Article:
The Mariners are in a tough spot.
In 2014, the AL West was baseball’s best division. Yes, Oakland mortgaged their future at the deadline. Yes, the Angels minor league system looks weak. Yes, the Rangers aren’t guaranteed to snap back next year and have a healthy, competitive roster. Yes, the Astros aren’t there yet. There will be prominent sports writers picking the M’s to win their division next year and they will likely get bandied about as a dark horse. But…the Mariners have been baseball’s ninth-best club by BaseRuns and only the third-best in their own division. Next year’s A’s and Angels shouldn’t be drastically different, either.
What makes the Mariners situation so tough, though, is their own muddled roster construction. The M’s had a historically good year at preventing runs but still found themselves right on the edge of contending. In large part that’s because they can’t hit, and the biggest reason they can’t hit is that they have only one average or better right-handed bat, Austin Jackson. Aside from Jackson, the M’s outfield has given big chunks of playing time to four different lefties: Dustin Ackley, Endy Chavez, Michael Saunders, and James Jones.
Their biggest hole, however, has been at 1B/DH, and this isn’t a new thing for the M’s. Last year they received solid production from Kendrys Morales and an average campaign from Justin Smoak, but neither has been anywhere near effective this year. The only bright spot this year has been Logan Morrison with his wRC+ of 110. In sum, the Mariners actually had a historically terrible year from their DHs, and that was nothing new.
Looking to the minors, there is hope. 2013 1st rounder DJ Peterson has already made his way to AA, but may start 2015 back in Jackson after posting a .261/.335/.473 in 248 PAs. Jackson is a fringe candidate to contribute for a stretch run, but probably won’t be a significant contributor for quite some time. In fact, former Rutgers defensive back Patrick Kivlehan may be contribute to the big league club sooner after crushing AA pitching with a .300/.374/.485 line in 430 PAs.
But things get trickier as we look toward the offseason.
When the Mariners signed Robinson Cano, they rapidly accelerated the timeline for fielding a competitive team. While Cano and Felix will still be around when Peterson and 2014 1st rounder Alex Jackson are, theoretically, contributing to the big league club, neither is likely to be better than they are now. Both have had incredible seasons, but realistically both players can only get worse.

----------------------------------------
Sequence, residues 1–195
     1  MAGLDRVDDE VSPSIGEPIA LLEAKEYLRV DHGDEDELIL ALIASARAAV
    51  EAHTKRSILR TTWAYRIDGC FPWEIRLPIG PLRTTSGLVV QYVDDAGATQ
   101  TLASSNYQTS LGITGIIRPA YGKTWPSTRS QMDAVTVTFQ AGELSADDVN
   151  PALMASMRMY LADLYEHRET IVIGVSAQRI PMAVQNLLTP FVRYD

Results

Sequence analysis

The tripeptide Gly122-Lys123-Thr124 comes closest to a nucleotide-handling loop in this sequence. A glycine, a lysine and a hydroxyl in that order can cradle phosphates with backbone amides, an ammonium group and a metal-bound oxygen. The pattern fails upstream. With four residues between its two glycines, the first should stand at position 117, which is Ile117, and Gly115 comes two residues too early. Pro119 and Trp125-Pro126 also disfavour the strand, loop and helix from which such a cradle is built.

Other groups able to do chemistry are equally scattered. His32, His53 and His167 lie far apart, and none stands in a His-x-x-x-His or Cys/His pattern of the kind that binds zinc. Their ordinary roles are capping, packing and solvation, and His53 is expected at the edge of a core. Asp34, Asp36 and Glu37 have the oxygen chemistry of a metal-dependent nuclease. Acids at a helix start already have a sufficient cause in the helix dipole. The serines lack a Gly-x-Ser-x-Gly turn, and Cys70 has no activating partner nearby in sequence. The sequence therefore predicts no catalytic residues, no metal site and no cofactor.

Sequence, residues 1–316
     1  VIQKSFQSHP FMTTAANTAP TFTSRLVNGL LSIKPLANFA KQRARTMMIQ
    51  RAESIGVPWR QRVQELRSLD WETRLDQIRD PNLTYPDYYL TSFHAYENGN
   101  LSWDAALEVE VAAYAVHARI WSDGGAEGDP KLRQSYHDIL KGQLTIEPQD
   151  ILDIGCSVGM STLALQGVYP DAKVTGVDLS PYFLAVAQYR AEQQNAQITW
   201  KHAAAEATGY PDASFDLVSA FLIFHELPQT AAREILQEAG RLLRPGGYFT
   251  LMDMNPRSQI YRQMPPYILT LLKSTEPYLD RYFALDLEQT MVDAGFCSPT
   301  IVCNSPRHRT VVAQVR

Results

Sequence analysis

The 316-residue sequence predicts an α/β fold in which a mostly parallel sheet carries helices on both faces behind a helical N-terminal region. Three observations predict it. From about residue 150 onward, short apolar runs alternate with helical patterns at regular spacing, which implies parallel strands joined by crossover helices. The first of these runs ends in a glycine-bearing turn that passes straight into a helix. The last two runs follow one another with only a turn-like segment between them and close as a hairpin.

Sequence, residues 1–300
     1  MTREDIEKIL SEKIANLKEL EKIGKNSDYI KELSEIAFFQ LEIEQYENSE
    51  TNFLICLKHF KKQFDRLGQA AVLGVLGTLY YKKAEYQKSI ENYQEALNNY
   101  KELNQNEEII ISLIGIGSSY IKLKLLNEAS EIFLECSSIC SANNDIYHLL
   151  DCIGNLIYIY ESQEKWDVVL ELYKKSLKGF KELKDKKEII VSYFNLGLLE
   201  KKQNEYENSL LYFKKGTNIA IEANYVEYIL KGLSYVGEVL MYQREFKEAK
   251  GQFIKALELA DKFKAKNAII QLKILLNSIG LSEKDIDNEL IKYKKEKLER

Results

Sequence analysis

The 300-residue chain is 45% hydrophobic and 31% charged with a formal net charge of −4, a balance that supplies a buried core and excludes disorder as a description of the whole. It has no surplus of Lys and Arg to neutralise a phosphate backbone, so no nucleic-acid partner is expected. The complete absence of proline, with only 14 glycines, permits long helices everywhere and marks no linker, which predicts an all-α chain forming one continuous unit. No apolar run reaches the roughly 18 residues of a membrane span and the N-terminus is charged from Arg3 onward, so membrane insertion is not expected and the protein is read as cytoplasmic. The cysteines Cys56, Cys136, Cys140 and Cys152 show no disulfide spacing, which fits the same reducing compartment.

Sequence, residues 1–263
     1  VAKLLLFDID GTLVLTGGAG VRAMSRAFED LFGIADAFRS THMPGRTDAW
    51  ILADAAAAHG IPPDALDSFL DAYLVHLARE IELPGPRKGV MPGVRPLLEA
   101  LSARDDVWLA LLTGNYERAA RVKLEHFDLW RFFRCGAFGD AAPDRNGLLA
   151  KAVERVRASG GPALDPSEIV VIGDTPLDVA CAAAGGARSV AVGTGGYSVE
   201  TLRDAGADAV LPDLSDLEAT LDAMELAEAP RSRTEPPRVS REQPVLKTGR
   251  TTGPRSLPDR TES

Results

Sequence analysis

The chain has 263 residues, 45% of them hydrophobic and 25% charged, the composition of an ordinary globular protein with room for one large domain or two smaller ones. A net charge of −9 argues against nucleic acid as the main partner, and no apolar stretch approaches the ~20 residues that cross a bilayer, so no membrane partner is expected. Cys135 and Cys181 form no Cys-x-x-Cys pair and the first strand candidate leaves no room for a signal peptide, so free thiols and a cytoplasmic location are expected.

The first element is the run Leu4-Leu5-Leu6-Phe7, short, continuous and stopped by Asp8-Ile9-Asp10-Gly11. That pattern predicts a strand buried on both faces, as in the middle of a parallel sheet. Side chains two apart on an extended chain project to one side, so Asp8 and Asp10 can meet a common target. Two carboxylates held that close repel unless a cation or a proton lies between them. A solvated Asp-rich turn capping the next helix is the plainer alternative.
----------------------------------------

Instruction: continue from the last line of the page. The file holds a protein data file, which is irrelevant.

The window gets even shorter when you consider that Hisashi Iwakuma, Austin Jackson, and Fernando Rodney will be eligible for free agency after the 2015 season. Couple them with Felix, Cano, and a cost-controlled Kyle Seager, and the M’s, who should have about $20 million in budget flexibility next year after arbitration raises, might be best poised to try and seriously compete next season.
Any big trade or free-agent splash, however, is going to block playing time, and if that sounds like a familiar situation for this club, that’s because it is. When they signed Cano, it gutted Nick Franklin’s value, and it took the Jack Z almost eight months to make a trade.
The best place for the M’s to look would be for a bat-first, right-handed outfielder who can platoon with Michael Saunders and play DH against righties. Torii Hunter would be a great fit, although he alone probably wouldn’t be enough. Manager Lloyd McClendon has repeatedly referred to the need for two bats.
The M’s also could try and use their prospect surplus and to try and land a more impactful player. In Brad Miller and Chris Taylor the M’s have two capable (if not quite good) shortstops at the big-league level, and there had reportedly been lots of interest in Dustin Ackley at the trade deadline even before his strong second half. It wouldn’t be surprising to see the M’s try and lock up with Dodgers for Matt Kemp (with a lot of swallowed salary) or the Red Sox for a piece of their crowded outfield. Shane Victorino would be a great fit on the M’s and could be out of a job. In DJ Peterson, Taijuan Walker, and James Paxton, the M’s also have chips to land a guy like Yoenis Cespedes, but Jack Z has (wisely) shied away from moving a piece of that caliber.